An air host is a commercial aircraft cabin crew member responsible for looking after and ensuring the safety of passengers. They work for a single airline and undergo Air Hostess training that can last several weeks to prepare for their responsibilities. Additionally, a particular certification from the Federal Aviation Administration is required before an air host may start working (FAA).

Air hosts help passengers and ensure their safety while on commercial aircraft. Consider beginning your career as an air host, commonly referred to as a flight attendant, if you’re seeking a position where you may assist people while visiting fascinating locations. This article explains what an air host is and their daily duties.

And how to begin a career as one.

Qualifications for Becoming an Air Hostess:

  • Must pass with at least an Intermediate rating.
  • Fair skin tone
  • Physically healthy and fit.
  • Should fall within the 18 to 25 age range.
  • It should be at least 154.5 cm tall.
  • A healthy weight.
  • Should be single.
  • The average vision in both eyes is 6/6.

How to become an air host

It’s crucial to become familiar with your obligations while flying. You have arrived at the appropriate location if you are considering an aviation career. This complete guide to pursuing a career as an Air Hostess includes details on colleges and programs, expenses, pay, required credentials, and more.

Here are SIX steps to launch an air hostess career:

  1. Think about obtaining your undergraduate degree

Although a high school diploma is the most significant level of education needed to become an air host, getting an undergraduate degree will help you develop abilities that will help you in your career and draw attention to your resume from potential employers.

Airlines don’t frequently look for specific degree holders, but communication, public relations, or foreign language majors might significantly enhance your abilities as an air host. All these majors can enhance your capacity for effective customer communication, and a foreign language degree may open doors to employment with foreign airlines.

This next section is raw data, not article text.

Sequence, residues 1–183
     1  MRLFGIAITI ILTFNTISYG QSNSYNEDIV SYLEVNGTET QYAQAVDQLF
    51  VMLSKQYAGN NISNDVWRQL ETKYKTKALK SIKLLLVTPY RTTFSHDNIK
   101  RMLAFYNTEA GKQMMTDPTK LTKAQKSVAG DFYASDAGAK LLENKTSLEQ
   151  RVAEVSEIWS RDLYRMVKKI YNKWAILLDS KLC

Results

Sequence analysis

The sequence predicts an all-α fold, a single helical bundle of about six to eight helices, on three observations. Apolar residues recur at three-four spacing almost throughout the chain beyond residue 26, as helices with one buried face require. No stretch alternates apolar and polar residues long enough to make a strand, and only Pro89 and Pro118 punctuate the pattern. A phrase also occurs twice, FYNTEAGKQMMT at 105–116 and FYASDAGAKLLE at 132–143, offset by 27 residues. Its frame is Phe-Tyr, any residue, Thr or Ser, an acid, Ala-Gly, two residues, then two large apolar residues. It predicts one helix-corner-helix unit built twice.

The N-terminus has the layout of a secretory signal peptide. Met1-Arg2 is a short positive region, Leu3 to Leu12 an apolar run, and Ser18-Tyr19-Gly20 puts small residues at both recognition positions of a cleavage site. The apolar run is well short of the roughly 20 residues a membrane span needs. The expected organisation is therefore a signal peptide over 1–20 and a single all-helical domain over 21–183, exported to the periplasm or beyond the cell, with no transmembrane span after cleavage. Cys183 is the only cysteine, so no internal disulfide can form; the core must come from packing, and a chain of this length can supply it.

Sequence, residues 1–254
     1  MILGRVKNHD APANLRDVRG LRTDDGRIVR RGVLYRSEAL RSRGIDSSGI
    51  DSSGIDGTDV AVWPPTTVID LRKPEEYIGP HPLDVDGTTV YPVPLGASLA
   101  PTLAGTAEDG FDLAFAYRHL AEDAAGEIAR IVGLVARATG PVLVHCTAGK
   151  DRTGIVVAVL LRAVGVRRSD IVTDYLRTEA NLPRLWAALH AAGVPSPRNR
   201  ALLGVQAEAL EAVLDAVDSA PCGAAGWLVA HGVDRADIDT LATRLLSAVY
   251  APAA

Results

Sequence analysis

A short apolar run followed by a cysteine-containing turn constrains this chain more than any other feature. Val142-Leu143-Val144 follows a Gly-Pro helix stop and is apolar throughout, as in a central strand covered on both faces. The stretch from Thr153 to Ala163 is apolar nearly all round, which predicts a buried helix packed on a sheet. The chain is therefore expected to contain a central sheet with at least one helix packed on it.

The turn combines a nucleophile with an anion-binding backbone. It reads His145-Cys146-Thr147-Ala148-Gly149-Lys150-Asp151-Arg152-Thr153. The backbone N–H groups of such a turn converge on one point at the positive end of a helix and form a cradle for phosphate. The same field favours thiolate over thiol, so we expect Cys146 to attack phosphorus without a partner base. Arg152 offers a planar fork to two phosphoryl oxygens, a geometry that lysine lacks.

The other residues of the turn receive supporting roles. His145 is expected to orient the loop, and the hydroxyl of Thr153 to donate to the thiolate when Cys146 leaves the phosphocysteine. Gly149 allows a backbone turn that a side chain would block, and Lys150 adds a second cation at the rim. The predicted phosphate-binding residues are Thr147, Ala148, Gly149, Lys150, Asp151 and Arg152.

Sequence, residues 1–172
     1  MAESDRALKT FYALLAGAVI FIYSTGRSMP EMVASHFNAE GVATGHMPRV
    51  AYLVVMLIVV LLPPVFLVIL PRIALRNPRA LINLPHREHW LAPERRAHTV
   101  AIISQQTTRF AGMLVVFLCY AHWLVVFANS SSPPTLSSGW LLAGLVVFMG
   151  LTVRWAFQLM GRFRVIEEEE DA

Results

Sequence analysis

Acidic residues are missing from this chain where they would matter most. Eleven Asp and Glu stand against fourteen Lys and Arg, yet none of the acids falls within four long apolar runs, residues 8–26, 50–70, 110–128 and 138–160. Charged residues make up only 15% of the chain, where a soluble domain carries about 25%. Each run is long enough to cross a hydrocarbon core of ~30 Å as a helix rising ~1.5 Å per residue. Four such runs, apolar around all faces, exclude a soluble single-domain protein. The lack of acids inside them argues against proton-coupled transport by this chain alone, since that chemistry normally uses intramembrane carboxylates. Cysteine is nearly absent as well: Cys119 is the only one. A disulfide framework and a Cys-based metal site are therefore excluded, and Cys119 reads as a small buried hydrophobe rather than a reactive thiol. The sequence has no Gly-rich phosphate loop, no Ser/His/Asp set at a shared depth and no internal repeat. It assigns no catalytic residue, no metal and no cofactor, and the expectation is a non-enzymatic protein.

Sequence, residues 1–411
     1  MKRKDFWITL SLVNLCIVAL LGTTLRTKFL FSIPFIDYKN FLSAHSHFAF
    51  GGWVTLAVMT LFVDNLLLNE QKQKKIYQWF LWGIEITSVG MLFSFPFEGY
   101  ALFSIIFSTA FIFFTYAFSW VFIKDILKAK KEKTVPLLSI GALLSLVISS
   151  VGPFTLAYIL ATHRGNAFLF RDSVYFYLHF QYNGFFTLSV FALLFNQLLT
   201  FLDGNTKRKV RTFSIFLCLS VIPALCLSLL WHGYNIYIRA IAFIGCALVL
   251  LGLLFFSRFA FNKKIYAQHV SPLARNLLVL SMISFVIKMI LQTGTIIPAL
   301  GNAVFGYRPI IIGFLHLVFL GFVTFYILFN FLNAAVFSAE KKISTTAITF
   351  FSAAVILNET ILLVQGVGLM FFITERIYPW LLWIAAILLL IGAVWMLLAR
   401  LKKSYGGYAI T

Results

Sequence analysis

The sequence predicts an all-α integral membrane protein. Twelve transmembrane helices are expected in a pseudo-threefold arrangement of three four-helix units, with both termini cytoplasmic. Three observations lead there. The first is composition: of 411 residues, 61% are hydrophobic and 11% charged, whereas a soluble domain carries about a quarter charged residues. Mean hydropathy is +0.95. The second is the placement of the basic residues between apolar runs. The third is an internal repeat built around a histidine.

1. Acquire practical work experience

Your capacity to engage with consumers is one of the most crucial abilities, and experiences airlines may be looking for. When applying for an air host position, having experience working as a waiter, barista, or receptionist may help your resume.

  1. Submit a job application to an airline

Look for open-air host roles, write a cover letter and résumé specific to the airline, and then submit an application. Think about applying to airlines that fly to or from places you’d like to visit or live. The timetables they give can also be checked to ensure they match your tastes and way of life.

  1. Participate in the required training

The three to six weeks of required training for airline hosts will include duties, safety procedures, and how the airline functions.

Near the end of your training, an airline can ask you to work a test flight where you’ll carry out cabin crew tasks under the supervision of an air hostess with full certification.

  1. Obtain a license

A Federal Aviation Administration certification is the last requirement for becoming an air host (FAA). The majority of the paperwork and filing for this stage of the procedure will frequently be handled by the airline you work for. You will get your Certificate of Demonstrated Proficiency once the FAA has evaluated your request and verified your training.

You should be able to use this qualification for as long as you work as an air host. Your certification should transfer to the new employer and airline if you seek a position at a different airline without having to reapply.

  1. Physical and Health Conditions

You must fulfill several qualifications to be qualified to serve as an Air Hostess. The following are the main physical prerequisites for flying:

  • To work as an air hostess, a person must be 18 or 21.
  • The candidate should be between 5′ and 5’2 in height.
  • Your body weight to height should be in a healthy range.
  • There shouldn’t be any glaring tattoos, piercings, or other body alterations.
  • The applicant must be able to raise emergency window escapes, operate emergency doors, and handle beverage or food carts.
  • No history of mental disease.
  • A vision test is necessary to ensure that the candidate’s far- and near-vision are at least 20/40 with glasses or contact lenses.
  • When losses at 500, 100, or 2000 Hz are averaged, a hearing test with no loss on audiometry in the better ear of more than 40 dB is required.
  • Both a drug test and DOT fingerprinting are required of the applicant.